When I was a young athlete, eager to succeed as a hurdler, I learned about the importance of developing muscle memory. Muscle memory is basically your muscles’ ability to remember certain movements. You develop it by practicing the precise movement you want to master…over and over and over again.
Let’s take hurdling, for example. Although my form isn’t perfect, I’ve included a picture to help illustrate what happens when an athlete goes over a hurdle.
1) The front leg (or “lead leg”) lifts up with a slight bend in the knee.
2) The opposite arm comes forward, while the other arm goes back (unlike this picture, both arms should be bent to about 90 degrees).
3) The athlete drives the knee of their back leg (“trail leg”) out and around in a circular motion.
4) The lead leg lands on the ground.
5) The trail leg finishes circling forward directly into the next step in the athlete’s stride.
When it was time to learn how to hurdle, our coach taught us drill after drill to familiarize our muscles with each phase of the movement. The purpose was to develop proficiency and speed through the entire movement. We’d do drills that focused on the trail-leg movement, others that emphasized quickness, still others that targeted the upper body, and more. The goal: to be so comfortable with each aspect of hurdling that when we raced, we didn’t need to think about what to do, because our bodies already knew.
Using Muscle Memory to Learn Skills
Developing muscle memory is necessary when learning new skills. Several months ago, I started CrossFit. As you may or may not know, CrossFit consists of a variety of movements including different lifts, gymnastics, and more. Being a competitive person, I wanted to succeed in every movement right away. I realize, however, that my body needs to learn how to do these things…and that’s okay.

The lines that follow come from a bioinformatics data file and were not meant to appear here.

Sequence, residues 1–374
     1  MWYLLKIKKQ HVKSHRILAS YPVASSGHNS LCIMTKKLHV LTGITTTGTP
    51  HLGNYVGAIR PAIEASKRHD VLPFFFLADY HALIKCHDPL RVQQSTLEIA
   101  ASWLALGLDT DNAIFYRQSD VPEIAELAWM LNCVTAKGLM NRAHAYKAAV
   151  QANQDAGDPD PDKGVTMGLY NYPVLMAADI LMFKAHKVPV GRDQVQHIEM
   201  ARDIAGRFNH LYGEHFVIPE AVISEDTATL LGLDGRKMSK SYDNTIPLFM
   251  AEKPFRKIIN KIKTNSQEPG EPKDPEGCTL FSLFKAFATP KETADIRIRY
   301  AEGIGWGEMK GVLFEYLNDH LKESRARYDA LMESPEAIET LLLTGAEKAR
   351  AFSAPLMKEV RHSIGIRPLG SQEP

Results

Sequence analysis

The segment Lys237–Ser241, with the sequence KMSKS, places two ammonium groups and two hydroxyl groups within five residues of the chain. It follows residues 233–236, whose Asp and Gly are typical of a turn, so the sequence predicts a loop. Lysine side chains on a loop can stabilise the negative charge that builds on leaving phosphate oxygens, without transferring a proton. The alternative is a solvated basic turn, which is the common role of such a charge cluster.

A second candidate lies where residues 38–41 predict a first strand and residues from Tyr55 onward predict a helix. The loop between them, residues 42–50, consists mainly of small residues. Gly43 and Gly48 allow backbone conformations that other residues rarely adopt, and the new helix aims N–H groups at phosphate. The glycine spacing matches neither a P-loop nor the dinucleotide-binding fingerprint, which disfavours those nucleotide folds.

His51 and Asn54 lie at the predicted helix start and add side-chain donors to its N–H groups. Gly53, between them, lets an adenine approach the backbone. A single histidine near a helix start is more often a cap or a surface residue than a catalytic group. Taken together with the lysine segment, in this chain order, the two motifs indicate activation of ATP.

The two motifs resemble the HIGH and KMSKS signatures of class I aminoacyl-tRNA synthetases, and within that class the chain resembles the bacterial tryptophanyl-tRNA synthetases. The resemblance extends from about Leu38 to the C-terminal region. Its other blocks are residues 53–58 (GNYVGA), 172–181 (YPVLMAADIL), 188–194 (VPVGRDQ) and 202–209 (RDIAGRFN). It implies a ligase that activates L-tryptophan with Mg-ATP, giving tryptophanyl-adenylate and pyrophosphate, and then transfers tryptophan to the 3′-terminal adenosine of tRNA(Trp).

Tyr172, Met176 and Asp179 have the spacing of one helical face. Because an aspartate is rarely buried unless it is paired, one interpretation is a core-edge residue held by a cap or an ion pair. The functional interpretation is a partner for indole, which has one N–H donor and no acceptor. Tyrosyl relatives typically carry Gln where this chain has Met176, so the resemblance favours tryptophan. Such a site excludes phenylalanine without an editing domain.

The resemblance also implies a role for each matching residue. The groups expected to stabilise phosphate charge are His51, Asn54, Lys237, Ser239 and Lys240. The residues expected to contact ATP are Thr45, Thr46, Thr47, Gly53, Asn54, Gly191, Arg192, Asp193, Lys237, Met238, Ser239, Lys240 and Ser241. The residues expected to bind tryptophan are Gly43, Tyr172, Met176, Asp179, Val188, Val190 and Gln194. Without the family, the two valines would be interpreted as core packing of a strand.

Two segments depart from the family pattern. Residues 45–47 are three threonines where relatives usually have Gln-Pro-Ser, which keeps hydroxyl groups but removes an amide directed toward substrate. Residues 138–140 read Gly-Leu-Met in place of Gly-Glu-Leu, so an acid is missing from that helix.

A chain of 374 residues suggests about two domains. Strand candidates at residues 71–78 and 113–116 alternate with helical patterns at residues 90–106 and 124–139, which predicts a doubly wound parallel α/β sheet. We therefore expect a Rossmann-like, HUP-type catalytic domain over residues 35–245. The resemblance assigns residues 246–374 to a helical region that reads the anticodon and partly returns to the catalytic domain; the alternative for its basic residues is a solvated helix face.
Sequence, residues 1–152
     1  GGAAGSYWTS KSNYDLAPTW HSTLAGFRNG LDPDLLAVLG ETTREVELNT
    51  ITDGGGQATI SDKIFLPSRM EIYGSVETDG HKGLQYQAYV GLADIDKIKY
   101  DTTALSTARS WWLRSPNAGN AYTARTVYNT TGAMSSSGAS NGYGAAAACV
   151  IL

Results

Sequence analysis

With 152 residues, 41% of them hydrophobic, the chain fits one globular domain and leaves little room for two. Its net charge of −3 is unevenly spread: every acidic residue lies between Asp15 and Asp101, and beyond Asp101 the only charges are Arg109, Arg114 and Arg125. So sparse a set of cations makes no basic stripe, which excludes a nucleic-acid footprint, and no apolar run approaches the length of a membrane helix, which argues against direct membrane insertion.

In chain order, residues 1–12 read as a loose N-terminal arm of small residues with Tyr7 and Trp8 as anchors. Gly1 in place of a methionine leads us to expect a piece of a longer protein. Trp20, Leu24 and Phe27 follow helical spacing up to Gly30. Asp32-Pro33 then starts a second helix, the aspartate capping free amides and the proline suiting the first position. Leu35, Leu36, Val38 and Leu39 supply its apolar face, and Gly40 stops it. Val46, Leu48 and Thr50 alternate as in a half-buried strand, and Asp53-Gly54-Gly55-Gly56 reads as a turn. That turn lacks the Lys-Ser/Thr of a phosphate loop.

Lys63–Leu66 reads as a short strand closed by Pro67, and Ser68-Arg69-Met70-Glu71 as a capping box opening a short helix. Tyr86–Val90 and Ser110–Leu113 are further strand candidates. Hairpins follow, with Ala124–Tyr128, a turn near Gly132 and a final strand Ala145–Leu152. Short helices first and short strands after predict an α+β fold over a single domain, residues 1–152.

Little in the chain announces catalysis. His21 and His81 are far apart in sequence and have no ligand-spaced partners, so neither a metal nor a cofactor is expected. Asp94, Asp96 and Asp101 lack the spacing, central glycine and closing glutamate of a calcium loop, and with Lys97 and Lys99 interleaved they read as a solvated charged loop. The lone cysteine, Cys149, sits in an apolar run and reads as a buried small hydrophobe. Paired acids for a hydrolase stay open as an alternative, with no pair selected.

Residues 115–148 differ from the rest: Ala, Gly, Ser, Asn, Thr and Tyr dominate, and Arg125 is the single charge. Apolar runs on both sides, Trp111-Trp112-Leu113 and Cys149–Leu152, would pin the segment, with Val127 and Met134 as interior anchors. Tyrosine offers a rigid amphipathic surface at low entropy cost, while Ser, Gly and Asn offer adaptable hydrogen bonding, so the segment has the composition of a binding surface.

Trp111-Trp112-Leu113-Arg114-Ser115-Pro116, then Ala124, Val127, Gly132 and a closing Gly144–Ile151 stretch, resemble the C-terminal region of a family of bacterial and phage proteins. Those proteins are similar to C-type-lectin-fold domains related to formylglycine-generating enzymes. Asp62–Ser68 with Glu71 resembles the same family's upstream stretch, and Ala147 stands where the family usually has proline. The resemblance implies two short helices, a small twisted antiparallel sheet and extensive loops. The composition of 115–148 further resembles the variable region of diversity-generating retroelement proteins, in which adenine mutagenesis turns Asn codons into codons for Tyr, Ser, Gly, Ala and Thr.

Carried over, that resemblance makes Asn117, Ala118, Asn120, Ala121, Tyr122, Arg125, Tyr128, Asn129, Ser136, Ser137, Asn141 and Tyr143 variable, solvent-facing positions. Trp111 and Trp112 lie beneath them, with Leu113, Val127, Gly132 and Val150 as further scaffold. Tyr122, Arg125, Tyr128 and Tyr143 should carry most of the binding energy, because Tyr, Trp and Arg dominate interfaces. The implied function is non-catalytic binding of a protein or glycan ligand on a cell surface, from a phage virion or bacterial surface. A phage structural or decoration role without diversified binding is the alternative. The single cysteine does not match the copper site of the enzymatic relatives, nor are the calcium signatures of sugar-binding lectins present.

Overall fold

My first example: Butterfly Pull-Ups. This type of pull-up incorporates a technique that helps athletes perform a larger number of pull-ups in a shorter amount of time than it would take to do strict pull-ups. When I first hopped on the bar to attempt this movement, I did not succeed. I then contemplated what I could do to develop the appropriate muscle memory, so my body could perform this exercise effectively. I watched videos of others doing the movement to familiarize myself with the recommended technique and understand how successful individuals were moving.
To begin developing muscle memory, I practiced moving my body in the butterfly motion off of the bar, figuring if I became comfortable with the movement bar-free, it would translate to success on the bar. Today, I can do butterfly pull-ups.
Next is a skill called double-unders–a jump rope exercise. The key difference is that instead of swinging the rope around once per jump, you swing it twice. Thus, the rope passes under your feet two times each jump. The muscle memory I focused on in this movement was in my wrists. My wrists needed to learn how to whip the rope around faster than they were accustomed to. I practiced holding on to nothing, using training devices, and even jumping and tapping my thighs to get the rhythm. Today, I’m much better at this movement than when I started and am looking to keep improving.
Go for It!
Are you wanting to learn something new? It’s not too late to teach your body new skills by developing muscle memory. See how you can break the skill down into parts, and practice each part over and over again. When ready, put the parts together and see what happens. Even if you already know how to do a movement, keep practicing and doing drills. This can help increase your ability, leading to improved performance.
If you’re eager to master a skill, I understand how you feel. Don’t give up, and remember that while training, you’re teaching your muscles. Be a patient teacher, and understand that mastery takes time. Celebrate the small steps of progress in your journey, and keep going! You can do it, one drill at a time.
With God, all things are possible!